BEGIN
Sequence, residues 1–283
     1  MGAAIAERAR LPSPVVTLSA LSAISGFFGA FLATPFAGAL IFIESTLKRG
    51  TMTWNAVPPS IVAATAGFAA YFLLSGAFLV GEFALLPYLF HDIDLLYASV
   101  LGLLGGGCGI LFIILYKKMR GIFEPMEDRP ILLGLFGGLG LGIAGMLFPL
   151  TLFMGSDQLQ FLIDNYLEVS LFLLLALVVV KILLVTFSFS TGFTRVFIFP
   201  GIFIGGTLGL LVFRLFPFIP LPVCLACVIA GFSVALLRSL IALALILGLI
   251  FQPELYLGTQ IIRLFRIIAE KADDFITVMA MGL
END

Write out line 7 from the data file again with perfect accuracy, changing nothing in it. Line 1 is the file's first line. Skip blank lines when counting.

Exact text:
   251  FQPELYLGTQ IIRLFRIIAE KADDFITVMA MGL